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Gwangju tteokgalbi doesn’t have any rice cake. Its small profile makes it child-friendly and easy to pick up with chopsticks. (Tammy Quackenbush photos)


Many consider Seoul, the capital of Korea for more than 600 years, to be the culinary hub of Korea. However, South Korea’s sixth-largest city, Gwangju, also has ample cuisine cred.

Located in the middle of Jeolla-nam province near the southwestern tip of the Korean peninsula, Gwangju has a 2,000-year history traced to the Three Kingdom period. More recently, the city become internationally known due to events of May 18, 1980, known as the Gwangju Democratization Movement.

While Americans in the Pacific Northwest were fleeing the eruption of Mt. St. Helens, hundreds, even thousands of South Koreans half a world away were standing up to a military dictatorship. The government response was swift and brutal. Korean special forces soldiers shot unarmed civilians with automatic weapons. The people of Gwangju fought back, but the bad guys won — for a while.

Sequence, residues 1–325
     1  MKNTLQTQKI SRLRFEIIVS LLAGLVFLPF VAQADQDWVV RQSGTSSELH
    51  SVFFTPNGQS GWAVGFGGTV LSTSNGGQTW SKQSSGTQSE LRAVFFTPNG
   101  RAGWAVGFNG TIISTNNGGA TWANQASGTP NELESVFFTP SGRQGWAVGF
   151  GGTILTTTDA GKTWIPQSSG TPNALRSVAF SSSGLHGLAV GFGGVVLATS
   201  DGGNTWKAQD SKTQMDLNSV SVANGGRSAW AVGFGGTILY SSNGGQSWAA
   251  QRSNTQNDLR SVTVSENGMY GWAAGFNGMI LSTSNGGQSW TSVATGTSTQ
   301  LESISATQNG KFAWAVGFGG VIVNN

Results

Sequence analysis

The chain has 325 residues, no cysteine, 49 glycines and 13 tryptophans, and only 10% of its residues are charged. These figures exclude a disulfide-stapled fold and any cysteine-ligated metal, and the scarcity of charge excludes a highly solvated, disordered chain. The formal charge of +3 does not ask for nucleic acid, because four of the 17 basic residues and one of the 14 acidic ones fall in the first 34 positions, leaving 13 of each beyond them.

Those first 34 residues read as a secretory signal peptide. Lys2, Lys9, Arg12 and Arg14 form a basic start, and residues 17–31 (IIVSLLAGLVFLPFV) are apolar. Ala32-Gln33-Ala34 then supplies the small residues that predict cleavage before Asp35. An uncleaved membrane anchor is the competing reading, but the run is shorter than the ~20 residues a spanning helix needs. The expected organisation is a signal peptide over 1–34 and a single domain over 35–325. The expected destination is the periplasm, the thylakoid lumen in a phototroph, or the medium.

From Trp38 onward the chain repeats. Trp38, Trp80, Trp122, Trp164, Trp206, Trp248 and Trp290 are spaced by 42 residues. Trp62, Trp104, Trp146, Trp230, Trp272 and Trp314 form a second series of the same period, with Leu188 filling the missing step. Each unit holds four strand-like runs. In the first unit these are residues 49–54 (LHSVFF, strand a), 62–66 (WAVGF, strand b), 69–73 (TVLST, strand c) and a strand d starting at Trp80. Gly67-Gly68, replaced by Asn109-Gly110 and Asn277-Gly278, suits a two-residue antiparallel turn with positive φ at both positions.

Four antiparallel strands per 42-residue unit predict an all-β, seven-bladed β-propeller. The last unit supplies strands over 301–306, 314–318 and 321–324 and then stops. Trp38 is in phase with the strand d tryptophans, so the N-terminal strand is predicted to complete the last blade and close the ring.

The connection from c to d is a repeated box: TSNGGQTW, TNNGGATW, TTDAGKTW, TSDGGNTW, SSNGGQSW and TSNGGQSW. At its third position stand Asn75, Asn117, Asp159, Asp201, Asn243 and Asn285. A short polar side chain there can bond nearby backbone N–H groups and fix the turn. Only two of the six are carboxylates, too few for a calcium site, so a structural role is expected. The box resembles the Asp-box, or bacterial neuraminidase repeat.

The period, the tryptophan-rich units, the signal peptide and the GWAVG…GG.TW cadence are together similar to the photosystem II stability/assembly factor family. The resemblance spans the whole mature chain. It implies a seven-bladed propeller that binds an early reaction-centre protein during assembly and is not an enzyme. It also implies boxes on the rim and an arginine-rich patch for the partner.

Gwangju is also known for a dish called 떡갈비 tteokgalbi (Korean “hamburger” beef patties). There’s an entire street of restaurants dedicated to this fun, easy dish. Don’t let the name fool you, there’s no 떡 tteok (rice cake) in this recipe. And the dish isn’t the similarly sounding 닭갈비 dakgalbi, a spicy chicken dish that’s a specialty of Chuncheon.

Tteokgalbi is low-carb and kid-friendly.

You can stick the patties into pita pockets with a little ssamjang-spiked mayo and kimchi for a fusion sandwich treat, or eat them Korean-style with rice, lettuce and side dishes.

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